This interpretation would be easier to digest if the pattern of inversion didn’t crop up almost everywhere. In the poem Christmas is described with exuberance and mirth and colour full of excitement; in the film Christmas is drab, grey and dour. Arthur in the poem is young, vital, and full of life and virtue; in the film he is old and weak in body and spirit. In the poem going to church is a delight, something grand and important and full of joy; in the film it is a nuisance or the butt of jokes. In the poem Gawain sets out in fine armour and knightly regiments, carrying a shield decorated on the inside with a painting of the Virgin Mary and Christ Child. He fights dragons and monsters of all sorts successfully before arriving at the Lord (Joel Edgerton) and Lady (Alicia Vikander) Bertilak’s castle; in the film Gawain is quickly set upon by a scavenger (Barry Keoghan) and his fellow thieves. He is accosted, robbed and left for dead, his beautifully painted shield broken and left as trash when Gawain’s assailants leave him to rot. In the poem the shield is a source of comfort and encouragement; in the film it is left behind as useless. Even the Green Knight (Ralph Ineson) who in the poem is a man decked in fine green-glowing kingly attire, flaming red eyes, and set as an equal with Arthur, is a monster in the film made of bark and branch, twig and root with clear and keen eyes like a man. It goes on and on with one thing after another flipped on its head even as the overall story continues unfolding as in the poem. This is often called “re-imagining” or a “deconstruction” but Lowery doesn’t just deconstruct he re-constructs presumably to suit his purpose. But what is that purpose? Is it criticism of virtue? Is it a parody of the original text? Is it a slight against the poem’s Christian themes and the rigour of Christian piety in favour of paganism? If it’s a parody it’s nothing like Monty Python and the Holy Grail (1975).
At a critical moment in the film when she is about to give Gawain the green sash Lady Bertilak – yet another nameless character along with her husband – asks Gawain a key question, “Do you believe in magic?” to which the Christian should answer, “I believe it to be evil and forbidden by God.” While both the Gawain of the poem and the film take the sash to their shame, in the film Lowery adds an additional dimension: the green sash is soiled during the third of the Lady’s sexual advances toward Gawain. But that’s only the half of it. In a departure from the poem’s text Lowery has Gawain’s mother in the film, Morgan le Fay, give it to him before he sets out on his quest. Later, scavengers steal the green sash along with other items and it shows up as a gift from Lady Bertilak. (As an aside, the Lady Bertilak and Gawain’s prostitute sex partner Essel from the beginning of the film are played by the same actress further presenting Gawain as sexually impure and unchaste from the beginning of the film right through to this critical moment.) The question “Do you believe in magic?” when taken in the context of Lowery’s constant and well-considered inversion of the original story and its characters, along with additions like a talking spirit/animal guide in the form of a fox, suggests that the whole film is a kind of sigil magic; a kind of symbolic rich celluloid spell cast to some private end. This is hard to know for certain without the director saying so directly. However Lowery is no stranger to the occult. He directed two episodes, Ritual of Abduction, and Augurs of Spring, of the CBS All Access TV Series Strange Angel (2018) about Jack Parsons, pioneering rocket engineer and scientist in 1940s Los Angeles, who was a follower of British occultist Aleister Crowley. Also, The Green Knight’s production company A24 also produced Ari Aster films Midsommar (2019) and Hereditary (2018) as well as Robert Eggers’ The VVitch (2015) and The Lighthouse (2019) along with other sophisticated art-house-style “elevated” horror films. Within the first minutes of The Green Knight Lowery clues in the audience that this film is going to be less high adventure like The Lord of the Rings and more an introspective psychological horror film like the ones mentioned. These films are cut from the same cloth in many ways and the association is worth noting. The Green Knight is less gory but shares many of the same attributes including their approach to the occult and magic.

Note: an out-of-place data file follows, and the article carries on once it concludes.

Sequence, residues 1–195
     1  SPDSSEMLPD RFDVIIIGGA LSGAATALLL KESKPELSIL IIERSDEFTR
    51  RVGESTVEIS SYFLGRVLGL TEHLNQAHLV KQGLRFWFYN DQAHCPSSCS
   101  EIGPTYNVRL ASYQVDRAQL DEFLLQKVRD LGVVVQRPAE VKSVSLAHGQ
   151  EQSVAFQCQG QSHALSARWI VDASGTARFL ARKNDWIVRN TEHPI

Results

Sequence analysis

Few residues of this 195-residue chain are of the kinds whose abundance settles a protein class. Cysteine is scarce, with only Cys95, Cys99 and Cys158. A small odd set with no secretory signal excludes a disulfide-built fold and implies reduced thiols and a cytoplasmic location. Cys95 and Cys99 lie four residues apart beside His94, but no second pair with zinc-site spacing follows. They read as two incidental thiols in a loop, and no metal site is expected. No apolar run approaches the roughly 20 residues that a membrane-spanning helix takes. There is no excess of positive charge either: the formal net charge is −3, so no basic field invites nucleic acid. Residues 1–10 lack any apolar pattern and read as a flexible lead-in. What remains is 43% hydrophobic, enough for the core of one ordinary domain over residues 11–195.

With a 14A/R rating this will be a film watched primarily by adults and is certainly not something for young viewers. One interesting note: when it comes to inversions like the ones found in The Green Knight for them to have any meaning, they must first presuppose the truth of the thing being inverted. So, while Christianity is subverted and downplayed in The Green Knight some of the Christian content of the original poem remains to haunt Lowery’s film regardless of his intentions. Interested viewers coming at the film cold with no knowledge of the poem may find themselves reading Sir Gawain and the Green Knight out of curiosity and will find something altogether different from what they watched. Because of the film’s suspicious nature it would be hard to recommend to Christian viewers and should be considered with great caution and contemplation. As a film The Green Knight is not interested in yielding its secrets. It is also a slow burn with an often discordant soundtrack which some viewers may find off-putting. Those wishing to watch a less ominous, campier filmic version of the poem starring Sean Connery as the Green Knight should check out Stephen Weeks' Sword of the Valiant (1984).Rev. Ted Giese is lead pastor of Mount Olive Lutheran Church, Regina, Saskatchewan, Canada; an award-winning contributor to The Canadian Lutheran; Reporter; and movie reviewer for the “Issues, Etc.” radio program. Follow Pastor Giese on Twitter @RevTedGiese. Check out our Movie Review Index!
 Lowery is no stranger to myth his first feature film Ain't Them Bodies Saints (2013) is a modern retelling of Homer's ancient Greek epic poem The Odyssey.
 It’s possible the fox may simply be an aspect of Gawain himself. Foxes are skittish yet considered crafty and clever. The third day in the exchange-of-winnings game Lord Bertilak has caught the fox that has been accompanying Gawain and in the same conversation, after letting the fox out of the bag, Bertilak plays his hand letting Gawain know he has caught Gawain in his indiscretion with his wife lady Bertilak. In his estimation Gawain has been a fox in Bertilak’s hen house.